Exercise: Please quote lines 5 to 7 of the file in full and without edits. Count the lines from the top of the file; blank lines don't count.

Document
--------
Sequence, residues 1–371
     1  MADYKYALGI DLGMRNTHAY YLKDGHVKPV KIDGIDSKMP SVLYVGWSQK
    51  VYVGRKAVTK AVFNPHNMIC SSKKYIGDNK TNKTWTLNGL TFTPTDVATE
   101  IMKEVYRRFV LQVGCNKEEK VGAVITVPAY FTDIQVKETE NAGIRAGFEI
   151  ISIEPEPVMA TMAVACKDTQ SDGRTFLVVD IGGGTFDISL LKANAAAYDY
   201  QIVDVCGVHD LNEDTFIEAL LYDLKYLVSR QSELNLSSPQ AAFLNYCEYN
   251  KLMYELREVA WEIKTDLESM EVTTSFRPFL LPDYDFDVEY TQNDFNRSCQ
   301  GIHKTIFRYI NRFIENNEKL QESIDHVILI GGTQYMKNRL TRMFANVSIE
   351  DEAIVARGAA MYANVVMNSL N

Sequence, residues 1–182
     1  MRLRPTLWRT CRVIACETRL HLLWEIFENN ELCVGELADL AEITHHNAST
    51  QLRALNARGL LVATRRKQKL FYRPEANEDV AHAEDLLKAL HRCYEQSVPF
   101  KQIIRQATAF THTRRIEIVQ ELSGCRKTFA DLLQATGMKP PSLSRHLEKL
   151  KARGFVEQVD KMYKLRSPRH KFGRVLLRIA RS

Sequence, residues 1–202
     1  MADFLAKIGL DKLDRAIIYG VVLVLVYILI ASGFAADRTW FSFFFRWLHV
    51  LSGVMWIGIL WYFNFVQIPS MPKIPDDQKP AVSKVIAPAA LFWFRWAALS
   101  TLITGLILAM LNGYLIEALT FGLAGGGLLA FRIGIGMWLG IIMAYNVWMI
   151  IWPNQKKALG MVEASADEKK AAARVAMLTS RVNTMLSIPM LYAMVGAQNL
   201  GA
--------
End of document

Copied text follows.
   151  ISIEPEPVMA TMAVACKDTQ SDGRTFLVVD IGGGTFDISL LKANAAAYDY
   201  QIVDVCGVHD LNEDTFIEAL LYDLKYLVSR QSELNLSSPQ AAFLNYCEYN
   251  KLMYELREVA WEIKTDLESM EVTTSFRPFL LPDYDFDVEY TQNDFNRSCQ